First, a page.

‘50 Days of Night’: When Will Detained J&K Leaders be Released?

Authorities offered to release leaders if they signed a ‘bond’, but most leaders didn’t agree to the bond’s terms.

Updated
India
4 min read
Omar Abdullah and Mehbooba Mufti are among the J&K leaders who have been arrested. Image used for representational purposes.
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Even after being in ‘jail’ or under ‘house arrest’ for over 50 days, around 200 mainstream politicians in the Kashmir Valley see no prospects of their release till at least 31 October, when Jammu & Kashmir will be formally bifurcated into two union territories.

Knowledgeable sources disclosed to The Quint that the authorities had, early this month, ‘offered to release’ the mainstream political detainees on the condition that they would, for some time, ‘cease their political activities’, including issuing statements and interviews to media.

However, the plan failed, as some of the leaders refused to sign the ‘bond’, one that the detainees were supposed to submit to the magistrates.

“Most of the detainees looked inclined to sign and submit the bond. But the former ministers Ali Mohammad Sagar (National Conference), Naeem Akhtar (Peoples Democratic Party) and Sajjad Gani Lone (Peoples Conference) declined to sign an undertaking that they would not indulge in any kind of politics for some time,” well-placed sources revealed to The Quint. They said that the PDP youth leader Waheed-ur-Rehman Para too put his foot down, and turned down the government’s offer.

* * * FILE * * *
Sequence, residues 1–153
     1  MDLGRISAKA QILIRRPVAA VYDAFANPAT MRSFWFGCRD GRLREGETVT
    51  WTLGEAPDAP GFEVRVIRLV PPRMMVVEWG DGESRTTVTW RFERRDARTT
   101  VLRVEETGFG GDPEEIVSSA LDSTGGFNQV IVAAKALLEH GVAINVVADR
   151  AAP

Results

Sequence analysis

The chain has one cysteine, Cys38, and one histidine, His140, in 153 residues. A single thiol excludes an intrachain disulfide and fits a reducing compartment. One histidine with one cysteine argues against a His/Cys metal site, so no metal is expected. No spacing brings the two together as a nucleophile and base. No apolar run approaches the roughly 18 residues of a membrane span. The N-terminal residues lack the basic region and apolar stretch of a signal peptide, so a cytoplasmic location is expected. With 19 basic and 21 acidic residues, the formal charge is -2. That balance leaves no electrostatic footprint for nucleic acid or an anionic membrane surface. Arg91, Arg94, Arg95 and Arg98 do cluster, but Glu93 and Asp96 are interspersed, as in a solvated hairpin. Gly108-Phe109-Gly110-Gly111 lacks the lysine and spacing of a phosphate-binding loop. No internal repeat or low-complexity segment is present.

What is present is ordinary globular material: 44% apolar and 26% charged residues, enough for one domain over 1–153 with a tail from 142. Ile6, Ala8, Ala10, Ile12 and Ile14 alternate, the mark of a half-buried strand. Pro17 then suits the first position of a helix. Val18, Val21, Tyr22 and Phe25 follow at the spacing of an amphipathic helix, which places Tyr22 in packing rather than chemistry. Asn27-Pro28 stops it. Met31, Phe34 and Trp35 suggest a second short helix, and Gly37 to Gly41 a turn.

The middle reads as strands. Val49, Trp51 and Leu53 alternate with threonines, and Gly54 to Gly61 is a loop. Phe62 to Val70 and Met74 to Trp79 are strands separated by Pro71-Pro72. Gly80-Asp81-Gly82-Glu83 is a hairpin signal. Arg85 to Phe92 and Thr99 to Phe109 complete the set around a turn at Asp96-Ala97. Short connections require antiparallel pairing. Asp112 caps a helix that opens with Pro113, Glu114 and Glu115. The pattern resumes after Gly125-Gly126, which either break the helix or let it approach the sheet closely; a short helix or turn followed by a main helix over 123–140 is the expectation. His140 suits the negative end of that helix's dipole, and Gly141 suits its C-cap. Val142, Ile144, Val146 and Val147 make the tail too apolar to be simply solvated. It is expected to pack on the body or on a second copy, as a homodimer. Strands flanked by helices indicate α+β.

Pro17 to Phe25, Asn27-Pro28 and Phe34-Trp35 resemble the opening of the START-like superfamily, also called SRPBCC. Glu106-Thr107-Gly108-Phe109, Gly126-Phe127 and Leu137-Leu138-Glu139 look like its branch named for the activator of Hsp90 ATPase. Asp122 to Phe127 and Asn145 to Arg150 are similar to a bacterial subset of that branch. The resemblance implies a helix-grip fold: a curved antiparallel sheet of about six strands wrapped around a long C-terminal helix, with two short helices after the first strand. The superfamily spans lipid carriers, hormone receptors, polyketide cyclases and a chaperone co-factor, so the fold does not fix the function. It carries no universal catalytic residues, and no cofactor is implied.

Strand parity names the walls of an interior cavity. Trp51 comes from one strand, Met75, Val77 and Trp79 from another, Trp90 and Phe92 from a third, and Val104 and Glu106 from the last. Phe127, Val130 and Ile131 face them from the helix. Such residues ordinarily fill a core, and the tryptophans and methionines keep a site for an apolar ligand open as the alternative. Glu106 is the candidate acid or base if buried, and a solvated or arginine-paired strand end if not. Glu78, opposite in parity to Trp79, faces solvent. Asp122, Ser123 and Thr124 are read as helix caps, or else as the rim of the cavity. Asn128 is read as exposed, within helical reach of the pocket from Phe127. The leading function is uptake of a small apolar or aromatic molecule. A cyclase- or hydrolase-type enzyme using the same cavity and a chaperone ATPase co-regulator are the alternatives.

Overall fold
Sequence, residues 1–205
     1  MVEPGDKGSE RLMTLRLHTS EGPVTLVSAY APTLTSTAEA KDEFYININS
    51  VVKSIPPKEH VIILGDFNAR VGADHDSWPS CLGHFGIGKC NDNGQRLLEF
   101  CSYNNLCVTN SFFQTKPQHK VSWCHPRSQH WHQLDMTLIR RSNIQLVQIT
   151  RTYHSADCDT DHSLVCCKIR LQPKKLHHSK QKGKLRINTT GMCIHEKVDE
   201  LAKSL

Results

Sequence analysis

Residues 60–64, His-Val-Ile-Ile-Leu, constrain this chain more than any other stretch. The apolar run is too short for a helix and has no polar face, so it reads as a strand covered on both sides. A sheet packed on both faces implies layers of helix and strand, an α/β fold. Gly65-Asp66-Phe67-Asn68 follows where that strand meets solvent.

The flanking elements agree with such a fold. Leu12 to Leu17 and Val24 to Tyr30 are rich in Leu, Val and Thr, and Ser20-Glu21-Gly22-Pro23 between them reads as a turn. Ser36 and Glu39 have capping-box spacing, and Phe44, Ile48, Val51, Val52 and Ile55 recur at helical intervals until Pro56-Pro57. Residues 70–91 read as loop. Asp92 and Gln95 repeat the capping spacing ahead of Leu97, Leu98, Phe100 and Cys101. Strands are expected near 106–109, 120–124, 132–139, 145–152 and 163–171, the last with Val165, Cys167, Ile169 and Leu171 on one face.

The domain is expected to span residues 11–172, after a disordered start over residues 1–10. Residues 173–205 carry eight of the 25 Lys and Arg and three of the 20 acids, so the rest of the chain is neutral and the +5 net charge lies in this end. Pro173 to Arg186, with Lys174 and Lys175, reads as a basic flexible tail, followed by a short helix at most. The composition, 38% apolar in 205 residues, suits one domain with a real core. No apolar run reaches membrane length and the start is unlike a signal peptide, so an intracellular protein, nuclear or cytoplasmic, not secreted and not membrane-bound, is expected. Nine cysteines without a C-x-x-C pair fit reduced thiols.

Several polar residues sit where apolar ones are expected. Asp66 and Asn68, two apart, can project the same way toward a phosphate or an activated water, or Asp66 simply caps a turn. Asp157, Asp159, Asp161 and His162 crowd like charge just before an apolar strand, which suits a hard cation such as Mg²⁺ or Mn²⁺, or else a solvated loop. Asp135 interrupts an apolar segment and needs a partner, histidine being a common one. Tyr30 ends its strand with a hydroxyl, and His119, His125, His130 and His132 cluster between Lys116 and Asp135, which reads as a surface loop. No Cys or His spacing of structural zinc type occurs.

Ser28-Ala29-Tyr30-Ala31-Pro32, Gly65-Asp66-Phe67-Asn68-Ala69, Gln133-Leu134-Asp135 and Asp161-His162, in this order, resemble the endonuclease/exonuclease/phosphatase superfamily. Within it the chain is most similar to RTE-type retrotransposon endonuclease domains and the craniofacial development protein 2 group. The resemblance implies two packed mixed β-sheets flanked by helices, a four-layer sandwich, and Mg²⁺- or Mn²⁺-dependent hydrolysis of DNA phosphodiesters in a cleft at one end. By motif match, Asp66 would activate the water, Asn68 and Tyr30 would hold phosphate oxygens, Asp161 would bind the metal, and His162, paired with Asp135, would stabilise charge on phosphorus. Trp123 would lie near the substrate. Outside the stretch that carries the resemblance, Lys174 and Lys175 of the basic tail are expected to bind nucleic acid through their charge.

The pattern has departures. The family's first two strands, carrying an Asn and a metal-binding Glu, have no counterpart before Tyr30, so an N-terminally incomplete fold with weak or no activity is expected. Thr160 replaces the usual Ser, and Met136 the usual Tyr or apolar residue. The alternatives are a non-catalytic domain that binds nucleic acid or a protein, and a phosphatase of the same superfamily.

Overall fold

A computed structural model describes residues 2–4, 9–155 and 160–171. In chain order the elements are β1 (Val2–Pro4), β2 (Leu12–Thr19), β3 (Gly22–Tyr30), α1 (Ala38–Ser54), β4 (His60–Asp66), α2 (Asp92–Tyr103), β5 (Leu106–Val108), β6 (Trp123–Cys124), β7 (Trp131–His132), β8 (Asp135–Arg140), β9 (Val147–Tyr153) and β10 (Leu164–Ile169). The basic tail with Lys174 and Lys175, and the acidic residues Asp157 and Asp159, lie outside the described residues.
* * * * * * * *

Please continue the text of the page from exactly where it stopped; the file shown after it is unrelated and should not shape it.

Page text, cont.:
Restrictions Tightened after Detained Leaders Turn Down ‘Offer’

Within days, the authorities withdrew permission to the detainees’ seven-days-a-week meetings with anybody who wanted to see them at Sher-e-Kashmir International Conference Centre (SKICC). “Now the facility is restricted to only their family members and close relatives, who can meet the detainees on Wednesday and Saturday every week,” said an official source.

On Wednesdays and Saturdays, they are taken down to the lobby on the ground floor to meet their relatives.

“In the first three or four weeks, there were strict restrictions on their meetings with family members, friends and relatives. However, the situation changed after the Jammu and Kashmir High Court issued directions on a writ petition filed by Sajjad Lone’s sister, advocate Shabnam Lone, on behalf of her mother. Thereafter, restrictions were drastically relaxed, and their families, friends and relatives were allowed to meet them rather freely at SKICC. They were also permitted to carry pulao and other waazwaan items for the detained leaders. But it all ended soon, as some of the inmates chose to not sign the bond,” the official source revealed.

According to these sources, restrictions on carrying smartphones (which could be used only for taking images or videos, as mobile, telephone and Internet services have been shut since 5 August) into the detention centres continue as before. There are also strict instructions that no media person should be allowed in, even as one not-so-familiar journalist is said to have met an ex-minister, after he identified himself simply as the politician’s ‘family friend’.